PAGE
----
Fifth, parents’ mortality tends to be underreported by the respondents if information is provided on adoptive rather than dead natural parents [21, 22]. To address this potential problem, the survey specifically asks respondents raised by adoptive parents, to respond to the questions about their biological parents, wherever possible. Another danger of the orphanhood method is that in general the chance of an individual being included is proportional to the number of living children, and completely excludes people who have failed to produce any offspring or had no surviving children [23]. However, evidence form developed countries suggests that mortality differentials according to number of children are small and therefore unlikely to bias results. As with parents, the reported siblings are not uniformly distributed. Those from large sibships will have more chances of being included and only children have zero chance of being included. Mortality among infants and children has been found to be much higher in some situations such as in developing countries, due to reasons such as the harmful effects of short birth intervals. However, this is of minor importance for this study, because we are concerned with adult mortality and there is no evidence of strong sibship size effects on mortality; in any case, large sibships in these populations are uncommon.

Sixth, the literature indicates that events occurring years ago tend to be misreported or reported with a limited degree of accuracy in surveys [24]. Since PrivMort is based on the retrospective data, it was fundamental for the project to address this limitation. Some techniques such as introductory sentences before question sections have been recommended in the literature as significantly increasing the recall precision in respondents [25]. Also, the way that questions are framed has been demonstrated to affect the recall bias in surveys [26]. This was considered in the development of the questionnaire, where for some retrospective questions especially on the behaviour of the relatives we added proxy questions. For instance, since it might sometimes be challenging for respondents to recall whether or not their fathers would drink extensively not least because they might not be communicating directly, the questionnaire contains a proxy question “Have any of your family members of friends seen your father drunk?”, based on our earlier experience in conducting research on alcohol in Russia [12]. Also, since using some memorable events that remind the respondents of their life and behaviour years ago been proven as a successful way of addressing the recall bias in retrospective surveys [27], the PrivMort questionnaire includes some historical events, such as the collapse of the Soviet Union, for example, framed inside the questions. Furthermore, for particularly complex questions, or questions requiring the respondents to recall some life events occurring decades ago, the interviewers were handed response cards, which depicted the response options or outlined the time periods in question.

We are aware of these limitations of the indirect cohort approach, but we are confident that under reasonable assumptions the method produces unbiased estimates of mortality that can be directly compared with other sources such as official statistics.


Focusing on different combinations of micro-, meso- and macro-level variables, the PrivMort project seeks to uncover individual health behaviours, adaptations and preferences and their effect on mortality during societal transformation. The methodology of the PrivMort project provides a useful and flexible model for interdisciplinary research in post-Communist countries and elsewhere.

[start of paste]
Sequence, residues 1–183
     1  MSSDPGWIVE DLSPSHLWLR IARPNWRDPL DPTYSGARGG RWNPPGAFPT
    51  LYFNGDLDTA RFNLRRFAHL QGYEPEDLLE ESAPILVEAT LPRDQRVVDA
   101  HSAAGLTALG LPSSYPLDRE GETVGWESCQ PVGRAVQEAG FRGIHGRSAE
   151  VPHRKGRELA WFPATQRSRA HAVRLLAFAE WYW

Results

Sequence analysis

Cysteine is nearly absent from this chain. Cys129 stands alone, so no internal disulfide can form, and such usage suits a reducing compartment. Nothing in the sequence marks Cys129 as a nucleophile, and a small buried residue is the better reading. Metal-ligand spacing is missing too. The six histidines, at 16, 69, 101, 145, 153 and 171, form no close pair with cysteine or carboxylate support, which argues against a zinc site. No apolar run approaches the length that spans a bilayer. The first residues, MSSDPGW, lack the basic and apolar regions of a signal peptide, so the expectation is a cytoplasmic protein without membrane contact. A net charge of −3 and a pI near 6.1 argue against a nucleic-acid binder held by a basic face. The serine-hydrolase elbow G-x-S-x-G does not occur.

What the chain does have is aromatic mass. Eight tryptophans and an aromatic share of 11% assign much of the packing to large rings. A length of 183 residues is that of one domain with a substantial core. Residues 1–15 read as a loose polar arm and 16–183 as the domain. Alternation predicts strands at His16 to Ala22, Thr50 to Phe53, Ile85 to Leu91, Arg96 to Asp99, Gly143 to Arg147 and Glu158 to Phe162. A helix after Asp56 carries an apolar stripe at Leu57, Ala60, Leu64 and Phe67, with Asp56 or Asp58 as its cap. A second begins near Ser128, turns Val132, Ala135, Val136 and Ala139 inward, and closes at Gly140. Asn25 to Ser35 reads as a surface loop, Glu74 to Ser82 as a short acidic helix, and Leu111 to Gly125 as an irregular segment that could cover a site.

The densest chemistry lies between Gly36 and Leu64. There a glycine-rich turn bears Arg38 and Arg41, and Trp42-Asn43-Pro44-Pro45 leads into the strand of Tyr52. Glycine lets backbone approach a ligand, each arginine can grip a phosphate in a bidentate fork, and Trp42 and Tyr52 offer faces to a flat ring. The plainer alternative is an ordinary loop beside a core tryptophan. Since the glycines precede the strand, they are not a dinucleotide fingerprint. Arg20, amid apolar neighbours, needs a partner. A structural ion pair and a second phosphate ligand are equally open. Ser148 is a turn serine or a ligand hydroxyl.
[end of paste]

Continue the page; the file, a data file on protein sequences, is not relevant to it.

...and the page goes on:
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The study was funded by European Research Council (a competitive externally peer reviewed Advanced Grant Scheme, grant agreement No. 269036).

Availability of data and material

The preliminary dataset used for the preparation of this manuscript is not publicly available. The final dataset will be available to other researchers upon request.

Authors’ contributions

DI, AG, AA, DS, MMu, MB, MMK, and LK have made substantial contributions to conception and design, analysis and interpretation of data; and been involved in preparing the manuscript or revising it critically for important intellectual content. LK, DI, AA, MF, GS, IK, and VP have made substantial contributions to acquisition of data. IS, MMa, KD, and PH have been involved in revising it critically for important intellectual content. All authors gave final approval of the version to be published and agreed to be accountable for all aspects of the work in ensuring that questions related to the accuracy or integrity of any part of the work are appropriately investigated and resolved.

Competing interests

The authors declare that they have no competing interests.

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Not applicable.

Ethics approval and consent to participate

The study was approved by the Sociology Ethics Committee at Cambridge University. Participants signed a written consent with participation in the study.

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Correspondence to Martin Bobak.

Additional file

Additional file 1:

The Location of the PrivMort Towns on The Map of The European Part of Russia. (DOC 1105 kb)

Additional file 2:

The Full List of Settlements Used in The PrivMort Project. (DOC 32 kb)

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Irdam, D., King, L., Gugushvili, A. et al. Mortality in Transition: Study Protocol of the PrivMort Project, a multilevel convenience cohort study. BMC Public Health 16, 672 (2016).